The Millennials are coming! And if you've sampled the literature about them, you're likely a little scared. Restless, entitled, bloated self-esteem, desultory work patterns, twitter-sized attention spans—pick your pejorative. Commentators have slung them all at those born between 1980 and 2000.

But the ominous rumblings obscure a more complex reality. In The Millennials: Connecting to American's Largest Generation (B&H Books) Thom S. Rainer, president and CEO of Lifeway Christian Resources, and his son Jess W. Rainer, release findings from 1,200 interviews with Millennials and offer a more balanced view.

Turns out there are positive characteristics among those who comprise this demographic bulge. The book is written to include a secular readership, but has important implications for anyone who will minister with and to Millennials. And since there are 78 million Millennials—America's largest generation yet—that pretty much includes all of us.

Most research books are tedious reads, but the Rainers intersperse their findings with profiles of real-life Millennials, introducing readers to the stories behind the statistics.

The book focuses on older Millennials, those born between 1980 and 1991 (today's twentysomethings) and reveals some encouraging values. For instance, Millennials place a high premium on family. When asked, "What is really important to you?" 61 percent placed "family" at the top of the list. "Friends" were a distant second, cited by 25 percent of the respondents.

Millennials retain close relationships with their parents. Maybe too close. Parents of Millennials have been dubbed "Helicopter Parents" for their tendency to hover over their grown children's lives, even paying their bills and negotiating salaries on their behalf. Still, the research on family views is ultimately positive.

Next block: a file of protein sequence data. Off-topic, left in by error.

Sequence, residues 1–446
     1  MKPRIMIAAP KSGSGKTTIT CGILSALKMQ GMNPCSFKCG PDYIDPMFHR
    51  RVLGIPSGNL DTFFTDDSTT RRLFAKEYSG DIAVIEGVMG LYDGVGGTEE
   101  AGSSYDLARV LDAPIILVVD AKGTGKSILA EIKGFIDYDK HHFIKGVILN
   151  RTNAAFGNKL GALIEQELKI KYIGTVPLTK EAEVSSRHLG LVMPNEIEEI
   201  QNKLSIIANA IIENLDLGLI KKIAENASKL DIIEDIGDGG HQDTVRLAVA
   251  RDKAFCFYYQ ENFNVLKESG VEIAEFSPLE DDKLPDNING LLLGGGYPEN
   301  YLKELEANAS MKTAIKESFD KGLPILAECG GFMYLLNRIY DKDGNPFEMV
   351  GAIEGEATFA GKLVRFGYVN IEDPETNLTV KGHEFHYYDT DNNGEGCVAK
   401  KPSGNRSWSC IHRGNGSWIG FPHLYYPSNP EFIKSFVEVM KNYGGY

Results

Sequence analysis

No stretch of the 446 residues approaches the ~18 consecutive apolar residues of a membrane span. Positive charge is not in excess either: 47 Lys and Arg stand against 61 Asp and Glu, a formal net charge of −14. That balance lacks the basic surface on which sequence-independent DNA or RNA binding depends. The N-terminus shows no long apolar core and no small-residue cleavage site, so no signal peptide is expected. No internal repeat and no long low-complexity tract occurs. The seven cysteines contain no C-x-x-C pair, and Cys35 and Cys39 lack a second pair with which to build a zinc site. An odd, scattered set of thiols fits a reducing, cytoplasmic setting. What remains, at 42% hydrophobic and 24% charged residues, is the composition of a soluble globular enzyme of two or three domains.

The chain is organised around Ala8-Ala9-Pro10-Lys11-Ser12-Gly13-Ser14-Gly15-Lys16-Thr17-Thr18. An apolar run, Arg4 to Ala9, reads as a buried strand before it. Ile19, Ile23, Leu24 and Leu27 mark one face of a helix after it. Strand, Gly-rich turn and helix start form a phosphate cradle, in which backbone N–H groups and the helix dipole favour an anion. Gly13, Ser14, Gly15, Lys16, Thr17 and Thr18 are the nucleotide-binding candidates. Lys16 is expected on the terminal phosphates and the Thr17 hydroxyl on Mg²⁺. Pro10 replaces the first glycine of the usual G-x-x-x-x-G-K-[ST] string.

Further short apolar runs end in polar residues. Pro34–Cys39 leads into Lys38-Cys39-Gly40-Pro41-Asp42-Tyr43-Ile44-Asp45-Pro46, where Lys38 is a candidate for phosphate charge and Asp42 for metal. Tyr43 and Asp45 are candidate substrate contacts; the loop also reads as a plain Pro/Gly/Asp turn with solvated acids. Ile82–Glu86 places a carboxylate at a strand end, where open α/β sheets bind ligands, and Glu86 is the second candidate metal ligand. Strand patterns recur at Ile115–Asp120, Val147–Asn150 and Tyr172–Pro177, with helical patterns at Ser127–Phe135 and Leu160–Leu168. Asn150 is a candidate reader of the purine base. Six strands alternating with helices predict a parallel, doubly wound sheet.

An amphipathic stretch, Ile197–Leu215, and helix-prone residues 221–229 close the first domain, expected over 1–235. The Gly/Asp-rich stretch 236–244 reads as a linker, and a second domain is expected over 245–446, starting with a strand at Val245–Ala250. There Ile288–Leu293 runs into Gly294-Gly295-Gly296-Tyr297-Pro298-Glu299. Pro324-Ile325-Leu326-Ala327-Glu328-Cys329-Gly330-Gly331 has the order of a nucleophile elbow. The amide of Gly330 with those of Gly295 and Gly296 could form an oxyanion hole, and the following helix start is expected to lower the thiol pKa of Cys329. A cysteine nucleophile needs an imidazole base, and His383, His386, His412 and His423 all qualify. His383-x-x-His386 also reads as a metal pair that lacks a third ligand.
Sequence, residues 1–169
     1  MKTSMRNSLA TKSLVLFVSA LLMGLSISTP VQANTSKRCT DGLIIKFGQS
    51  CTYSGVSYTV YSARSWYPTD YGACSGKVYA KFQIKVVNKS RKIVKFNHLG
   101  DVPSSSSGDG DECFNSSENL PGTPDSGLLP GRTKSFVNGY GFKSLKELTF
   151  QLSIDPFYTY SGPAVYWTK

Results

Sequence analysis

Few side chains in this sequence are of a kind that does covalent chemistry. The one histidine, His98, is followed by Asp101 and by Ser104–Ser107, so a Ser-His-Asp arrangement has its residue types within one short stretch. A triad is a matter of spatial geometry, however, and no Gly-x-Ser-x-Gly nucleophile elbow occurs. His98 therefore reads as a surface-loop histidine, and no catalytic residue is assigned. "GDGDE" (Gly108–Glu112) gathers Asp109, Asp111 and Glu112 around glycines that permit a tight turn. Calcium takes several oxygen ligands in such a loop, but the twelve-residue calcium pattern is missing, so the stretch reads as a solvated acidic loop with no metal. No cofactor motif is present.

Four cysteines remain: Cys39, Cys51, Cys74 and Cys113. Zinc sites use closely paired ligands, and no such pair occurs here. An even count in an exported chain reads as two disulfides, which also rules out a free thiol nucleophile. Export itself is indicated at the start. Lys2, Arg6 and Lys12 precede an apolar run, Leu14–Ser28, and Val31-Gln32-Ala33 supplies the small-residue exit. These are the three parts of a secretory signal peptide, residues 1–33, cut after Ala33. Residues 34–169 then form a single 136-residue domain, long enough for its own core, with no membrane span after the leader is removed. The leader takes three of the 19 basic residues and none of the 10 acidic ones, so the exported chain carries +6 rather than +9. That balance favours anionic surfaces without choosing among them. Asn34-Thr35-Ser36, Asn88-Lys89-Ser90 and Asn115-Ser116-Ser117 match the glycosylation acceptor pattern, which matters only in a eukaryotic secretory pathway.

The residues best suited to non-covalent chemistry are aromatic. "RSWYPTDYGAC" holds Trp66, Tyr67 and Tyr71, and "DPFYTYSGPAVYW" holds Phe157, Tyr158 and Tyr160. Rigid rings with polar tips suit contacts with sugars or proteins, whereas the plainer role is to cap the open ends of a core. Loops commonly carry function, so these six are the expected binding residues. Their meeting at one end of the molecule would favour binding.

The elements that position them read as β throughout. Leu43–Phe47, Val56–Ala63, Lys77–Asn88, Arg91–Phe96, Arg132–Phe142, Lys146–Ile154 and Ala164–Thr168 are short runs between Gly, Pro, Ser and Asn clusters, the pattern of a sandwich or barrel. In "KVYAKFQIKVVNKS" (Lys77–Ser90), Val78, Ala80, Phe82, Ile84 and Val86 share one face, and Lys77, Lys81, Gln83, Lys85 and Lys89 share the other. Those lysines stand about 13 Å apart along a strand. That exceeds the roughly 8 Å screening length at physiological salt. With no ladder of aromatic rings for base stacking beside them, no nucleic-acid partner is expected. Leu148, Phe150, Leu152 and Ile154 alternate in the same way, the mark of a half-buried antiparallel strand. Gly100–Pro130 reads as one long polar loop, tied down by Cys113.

The Gen X cynicism toward the traditional family has evaporated in this generation, with 94 percent of Millennials saying they have respect for older generations. They also have a high view of marriage. Of those surveyed, 86 percent plan to marry once or not at all. Based on such responses, the Rainers are optimistic that the Millennials may end up steering society back toward traditional family values.

Other findings are more ambiguous. As always, it depends on how you interpret the data. For example, is the fact that 96 percent of Millennials believe they will do something great with their lives evidence of narcissism or noble ambition? The Rainers opt for the latter, arguing that Millennials define greatness as serving others, rather than as making money or seeking status.

Millennials' demand to do only interesting and meaningful work is similar. Are they just spoiled, or highly creative? Millennial technological savvy is another Rorschach. Are they dangerously isolated by new media forms or more relational because of them? Again the Rainers see a silver lining, pointing to the ways Millennials use technology to nurture bonds with family and friends.

On the topic of religion, sadly, the jury is in. Only 13 percent of Millennials consider any type of religion or spirituality to be important in their lives. Core Christian doctrines, such as the exclusivity of salvation in Christ, fare poorly. When it comes to the afterlife, the most popular view is that no one can really know what happens after death.

Before conducting the research, the Rainers feared they'd discover hostility to Christianity among Millennials. What they found, however, was worse: indifference. "At least someone who opposes Christianity has our beliefs on his or her radar. Most of the Millennials don't think about religious matters at all."

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Spring 2011: Entertainment & Discipleship  | Posted
Books  |  Future  |  Generation X (Gen X)  |  Generations  |  Relationships  |  Research  |  Statistics  |  Trends
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